The first transcontinental total solar eclipse in 99 years occurred Monday. But people in the Leavenworth area didn’t see much of it. Clouds obscured much of the rare celestial event.

The eclipse was briefly visible to people attending a watch party at the Lansing Community Library.

There was a break in the clouds about 11:45 a.m. and people got their first look as the solar eclipse began.

People wore eclipse glasses as they watched the moon slowly move in between the earth and the sun.

Several people pointed to the eclipse and verbally expressed their amazement.

But the view was short-lived as clouds soon obstructed a clear view of the eclipse.

Scores of solar eclipse watch parties were held in the Leavenworth area, including one at the University of Saint Mary.

The watch party, held during a persistent rain shower, was a part of the freshmen orientation activities at the university.

“What better way to have freshmen orientation than with an eclipse party and extend the watch party to the entire community?” said Lisa Potoka, dean of students at USM.

Although they were unable to see the solar eclipse because of the clouds, those attending the USM watch party experienced near darkness during the totality of the eclipse just after 1 p.m.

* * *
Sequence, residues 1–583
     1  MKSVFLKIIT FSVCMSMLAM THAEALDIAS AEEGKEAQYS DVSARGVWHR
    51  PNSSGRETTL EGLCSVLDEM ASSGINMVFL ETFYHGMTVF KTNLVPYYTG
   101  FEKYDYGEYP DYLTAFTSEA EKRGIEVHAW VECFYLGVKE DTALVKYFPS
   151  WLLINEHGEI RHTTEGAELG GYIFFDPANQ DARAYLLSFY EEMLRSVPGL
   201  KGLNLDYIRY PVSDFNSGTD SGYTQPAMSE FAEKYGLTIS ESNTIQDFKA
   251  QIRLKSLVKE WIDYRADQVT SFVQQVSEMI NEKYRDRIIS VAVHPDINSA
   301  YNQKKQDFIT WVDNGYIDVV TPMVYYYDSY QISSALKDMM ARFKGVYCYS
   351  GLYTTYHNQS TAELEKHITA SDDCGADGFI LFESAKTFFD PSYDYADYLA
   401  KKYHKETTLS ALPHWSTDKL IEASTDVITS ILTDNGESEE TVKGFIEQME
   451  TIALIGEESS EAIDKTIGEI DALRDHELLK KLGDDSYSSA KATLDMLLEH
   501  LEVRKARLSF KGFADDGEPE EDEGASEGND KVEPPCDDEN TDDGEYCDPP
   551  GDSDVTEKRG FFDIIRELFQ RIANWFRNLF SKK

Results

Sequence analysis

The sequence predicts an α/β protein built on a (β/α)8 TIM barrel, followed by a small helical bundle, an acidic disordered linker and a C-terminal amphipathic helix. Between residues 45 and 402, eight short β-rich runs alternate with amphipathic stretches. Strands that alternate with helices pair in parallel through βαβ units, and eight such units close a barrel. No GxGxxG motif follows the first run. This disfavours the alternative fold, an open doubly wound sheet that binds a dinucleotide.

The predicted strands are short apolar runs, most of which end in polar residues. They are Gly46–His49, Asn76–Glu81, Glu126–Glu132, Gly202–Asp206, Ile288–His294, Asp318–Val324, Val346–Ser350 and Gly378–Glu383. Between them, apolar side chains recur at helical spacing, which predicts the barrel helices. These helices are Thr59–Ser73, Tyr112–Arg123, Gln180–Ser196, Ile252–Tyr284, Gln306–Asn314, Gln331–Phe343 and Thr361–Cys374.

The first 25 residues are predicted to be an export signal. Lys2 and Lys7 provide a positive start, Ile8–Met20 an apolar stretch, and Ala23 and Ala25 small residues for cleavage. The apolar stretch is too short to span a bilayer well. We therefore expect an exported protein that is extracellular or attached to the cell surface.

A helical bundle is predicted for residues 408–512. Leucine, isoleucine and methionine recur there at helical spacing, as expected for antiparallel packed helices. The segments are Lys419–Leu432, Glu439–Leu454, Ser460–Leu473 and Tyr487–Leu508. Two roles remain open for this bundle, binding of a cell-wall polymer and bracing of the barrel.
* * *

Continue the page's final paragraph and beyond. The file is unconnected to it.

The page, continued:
“It looks like doomsday,” said USM student Krystal Rivera as the sky got increasingly dark for about 90 seconds.

As a persistent rain fell, many USM students played on a water slide down a hill near the baseball field.

Sister Diane Steele, president of the university, even took a slide down the hill, much to the delight of the students, who applauded her efforts.

USM student Mark Stimach said despite the clouds that obscured the eclipse, the event was memorable.

“This is awesome,” Stimach said as the sky darkened during totality. “This is really cool, something you never get to see.”

The eclipse watch party committee organized several activities for the event, including games for children, lunch for visitors and a band.

“(The rain) does not affect the watch party one bit,” Potoka said. “Eclipse or not, it’s still a great time.”

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